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The Good and the Bad public relations in CBN’s trapped funds “payment” to Emirates and foreign airlines

The Good and the Bad public relations in CBN’s trapped funds “payment“ to Emirates and foreign airlines

Nigeria averted an international embarrassment and a public relations disaster by making a last minute offer to release part of the trapped funds being owed to Emirates Airlines, British Airways, Delta and all the other international flight operators to Nigeria.

The office of the Central Bank of Nigeria (CBN) on Friday announced the release of $265 million to foreign airlines operating in the country for the remittance of a part of their unpaid revenues from ticket sales.

This was after Emirates announced a suspension of its operations in Nigeria. Soon after, British Airways also threatened  to get out of the market, due to the mounting trapped funds. Emirates and British Airways are probably the most loved airline brands in Nigeria.

The announcement by the Central Bank to pay the airlines their debts, was quite timely. So, on the face of it, this was a smart move by CBN. But from a PR point of view, it was both good and bad. Ugly too? Perhaps not yet.

CBN’s good PR

The Good and the Bad public relations in CBN’s trapped funds “payment“ to Emirates and foreign airlines

Here are the good Public Relations points scored by the Central Bank in the airlines trapped funds saga:

  1. Timing

The timing of the announcement was impeccable, coming just a few days before September 1 deadline by Emirates. In PR, timing is almost everything.

  1. Saturation coverage

CBN gave it massive coverage. They sent the statement by email, WhatsApp, texts and all other means of communications. The announcement was in over 50 news outlets in less than 24 hours.

  1. Stakeholders outreach

CBN did not circulate the statement to the media alone. It was also sent directly to Emirates and all the other airlines as well as other key stakeholders in the aviation industry.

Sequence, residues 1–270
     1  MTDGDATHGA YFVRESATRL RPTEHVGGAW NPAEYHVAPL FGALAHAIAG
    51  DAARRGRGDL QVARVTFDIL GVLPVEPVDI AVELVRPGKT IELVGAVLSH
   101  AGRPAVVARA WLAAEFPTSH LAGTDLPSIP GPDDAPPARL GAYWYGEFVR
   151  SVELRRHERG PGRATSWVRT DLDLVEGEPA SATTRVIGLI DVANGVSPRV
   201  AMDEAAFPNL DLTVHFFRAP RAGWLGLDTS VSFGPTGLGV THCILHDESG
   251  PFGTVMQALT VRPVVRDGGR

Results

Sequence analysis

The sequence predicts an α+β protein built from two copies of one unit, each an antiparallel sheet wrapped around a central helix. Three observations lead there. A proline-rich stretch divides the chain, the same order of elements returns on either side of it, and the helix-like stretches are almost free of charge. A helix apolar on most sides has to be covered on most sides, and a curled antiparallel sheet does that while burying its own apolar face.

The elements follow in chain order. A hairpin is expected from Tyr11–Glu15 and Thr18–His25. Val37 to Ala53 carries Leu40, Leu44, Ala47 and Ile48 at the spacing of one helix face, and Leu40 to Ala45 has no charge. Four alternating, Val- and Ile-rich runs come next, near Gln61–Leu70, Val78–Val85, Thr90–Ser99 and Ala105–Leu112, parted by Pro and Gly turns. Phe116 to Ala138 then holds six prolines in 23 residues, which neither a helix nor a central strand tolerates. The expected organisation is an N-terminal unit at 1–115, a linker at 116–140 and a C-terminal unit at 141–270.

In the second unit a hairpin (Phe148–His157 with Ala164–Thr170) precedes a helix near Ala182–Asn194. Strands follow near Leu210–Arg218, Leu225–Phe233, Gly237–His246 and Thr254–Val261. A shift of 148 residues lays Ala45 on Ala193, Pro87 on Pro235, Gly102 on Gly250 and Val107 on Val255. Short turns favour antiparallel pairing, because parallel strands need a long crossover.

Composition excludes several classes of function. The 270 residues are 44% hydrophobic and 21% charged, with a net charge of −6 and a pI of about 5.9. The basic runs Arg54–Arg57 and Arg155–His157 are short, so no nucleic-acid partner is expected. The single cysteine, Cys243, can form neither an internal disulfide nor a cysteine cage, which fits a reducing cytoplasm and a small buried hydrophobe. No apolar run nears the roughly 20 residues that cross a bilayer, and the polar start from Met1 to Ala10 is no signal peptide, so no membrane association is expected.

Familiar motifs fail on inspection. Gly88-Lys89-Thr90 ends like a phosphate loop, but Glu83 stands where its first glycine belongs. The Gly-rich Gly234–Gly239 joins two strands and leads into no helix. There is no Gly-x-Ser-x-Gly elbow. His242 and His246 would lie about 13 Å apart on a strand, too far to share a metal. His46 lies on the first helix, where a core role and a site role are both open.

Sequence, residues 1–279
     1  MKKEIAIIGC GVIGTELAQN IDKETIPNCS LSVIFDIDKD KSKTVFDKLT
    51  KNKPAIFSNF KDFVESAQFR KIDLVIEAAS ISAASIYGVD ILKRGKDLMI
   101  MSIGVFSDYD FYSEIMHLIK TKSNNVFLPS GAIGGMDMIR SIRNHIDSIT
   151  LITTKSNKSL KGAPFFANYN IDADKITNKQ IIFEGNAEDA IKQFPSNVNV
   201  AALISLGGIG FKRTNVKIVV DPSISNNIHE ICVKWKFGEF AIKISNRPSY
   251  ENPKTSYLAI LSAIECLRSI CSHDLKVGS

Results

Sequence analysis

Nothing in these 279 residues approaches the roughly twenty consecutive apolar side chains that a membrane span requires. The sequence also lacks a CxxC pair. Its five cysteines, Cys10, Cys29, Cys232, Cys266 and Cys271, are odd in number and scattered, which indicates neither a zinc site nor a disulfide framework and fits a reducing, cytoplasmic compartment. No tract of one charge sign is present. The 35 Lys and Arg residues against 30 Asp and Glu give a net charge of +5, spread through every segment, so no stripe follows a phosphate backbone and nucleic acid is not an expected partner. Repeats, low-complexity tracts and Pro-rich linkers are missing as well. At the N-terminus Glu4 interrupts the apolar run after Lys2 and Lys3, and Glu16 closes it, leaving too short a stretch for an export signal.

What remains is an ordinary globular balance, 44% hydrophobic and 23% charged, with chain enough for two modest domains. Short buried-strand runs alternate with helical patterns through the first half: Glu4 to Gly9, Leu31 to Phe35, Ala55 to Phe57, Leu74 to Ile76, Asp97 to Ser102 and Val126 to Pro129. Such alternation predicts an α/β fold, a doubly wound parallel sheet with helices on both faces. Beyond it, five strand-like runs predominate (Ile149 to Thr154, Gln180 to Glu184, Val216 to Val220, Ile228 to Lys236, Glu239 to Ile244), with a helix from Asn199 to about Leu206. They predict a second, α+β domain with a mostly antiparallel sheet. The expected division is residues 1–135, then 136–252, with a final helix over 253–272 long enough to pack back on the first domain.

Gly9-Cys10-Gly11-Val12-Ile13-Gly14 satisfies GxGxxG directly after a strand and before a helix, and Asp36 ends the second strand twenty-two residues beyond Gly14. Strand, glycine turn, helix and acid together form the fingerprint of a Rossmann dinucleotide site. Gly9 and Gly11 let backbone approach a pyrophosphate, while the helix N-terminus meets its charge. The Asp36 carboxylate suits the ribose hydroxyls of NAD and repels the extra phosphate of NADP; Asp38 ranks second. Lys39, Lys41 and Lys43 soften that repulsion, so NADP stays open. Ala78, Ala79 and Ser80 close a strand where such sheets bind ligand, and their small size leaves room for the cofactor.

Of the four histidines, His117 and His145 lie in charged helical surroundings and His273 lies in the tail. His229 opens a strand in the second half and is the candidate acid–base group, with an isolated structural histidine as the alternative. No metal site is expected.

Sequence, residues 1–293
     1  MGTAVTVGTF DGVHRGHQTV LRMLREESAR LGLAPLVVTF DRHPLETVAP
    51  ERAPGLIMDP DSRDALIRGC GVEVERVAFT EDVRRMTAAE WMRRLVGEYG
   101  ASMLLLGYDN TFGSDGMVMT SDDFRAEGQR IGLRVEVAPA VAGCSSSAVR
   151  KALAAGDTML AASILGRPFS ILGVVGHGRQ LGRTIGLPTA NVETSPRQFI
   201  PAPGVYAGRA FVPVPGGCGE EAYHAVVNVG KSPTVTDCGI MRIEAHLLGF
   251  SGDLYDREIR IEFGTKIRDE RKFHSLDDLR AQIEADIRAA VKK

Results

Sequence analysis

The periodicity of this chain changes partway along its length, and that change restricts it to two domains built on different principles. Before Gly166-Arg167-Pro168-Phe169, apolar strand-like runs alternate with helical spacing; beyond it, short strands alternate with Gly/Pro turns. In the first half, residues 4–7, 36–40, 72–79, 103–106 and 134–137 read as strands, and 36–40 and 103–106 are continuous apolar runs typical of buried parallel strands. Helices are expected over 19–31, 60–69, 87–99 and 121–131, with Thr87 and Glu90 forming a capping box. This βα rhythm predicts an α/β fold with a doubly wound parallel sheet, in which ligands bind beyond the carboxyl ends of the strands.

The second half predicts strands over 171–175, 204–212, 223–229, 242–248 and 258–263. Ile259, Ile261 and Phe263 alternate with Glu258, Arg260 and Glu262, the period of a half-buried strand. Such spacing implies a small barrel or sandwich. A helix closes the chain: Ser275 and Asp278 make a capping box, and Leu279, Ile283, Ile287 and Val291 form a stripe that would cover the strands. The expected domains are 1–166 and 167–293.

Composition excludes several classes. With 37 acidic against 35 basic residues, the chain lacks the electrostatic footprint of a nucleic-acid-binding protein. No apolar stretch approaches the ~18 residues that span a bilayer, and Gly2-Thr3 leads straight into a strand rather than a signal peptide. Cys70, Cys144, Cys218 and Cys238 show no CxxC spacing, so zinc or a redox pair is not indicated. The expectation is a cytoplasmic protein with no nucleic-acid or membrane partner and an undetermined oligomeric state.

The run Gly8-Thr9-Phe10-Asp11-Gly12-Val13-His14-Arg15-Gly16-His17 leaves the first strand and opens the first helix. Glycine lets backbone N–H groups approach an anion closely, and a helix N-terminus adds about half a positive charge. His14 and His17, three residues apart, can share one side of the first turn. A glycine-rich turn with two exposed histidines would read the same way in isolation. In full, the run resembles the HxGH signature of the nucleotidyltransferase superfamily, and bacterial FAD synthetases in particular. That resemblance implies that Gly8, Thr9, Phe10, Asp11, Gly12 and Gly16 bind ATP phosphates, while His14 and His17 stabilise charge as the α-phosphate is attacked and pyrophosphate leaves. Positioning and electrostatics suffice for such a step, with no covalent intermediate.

CBN’s bad PR

Where did the CBN get it wrong? It scored poorly on these points.

  1.  Credibility question

The statement was not issued on any official paper and was not signed. It left many journalists initially questioning if it was authentic.

The PR action by CBN was rushed and it seemed that they were more concerned about looking good than doing good.

  1. Truth or spin?

The CBN statement said it had “released the sum of $265 million to airlines operating in the country, to settle outstanding ticket sales.”

This was false. The CBN move was an intention and promise to pay, not an action or actual payment itself as it implied.

It would have been the truth if the CBN for example had already sent out payment cheques to the airlines or promise notes. Most of the airlines themselves heard about the trapped funds payment only in the pages of the media.

In PR, this is called a spin, and inadvertently a failure to be wholly truthful. Again in public relations, the truth or lack of it will always find you out.

  1. Communications dissonance

Before the CBN payment declaration, most of the communications and updates were coming from the Minister of Information and the Aviation Minister’s office.

The CBN announcement suddenly jumped into the picture, therefore creating more of a disruption than the repair it intended.

The PR verdict: Good, bad or ugly?

The CBN action has been a display of both good and bad public relations. There are two ways the story can now go – good or ugly. The action that now follows the CBN fine words will determine whether the story stays good or turns very ugly.

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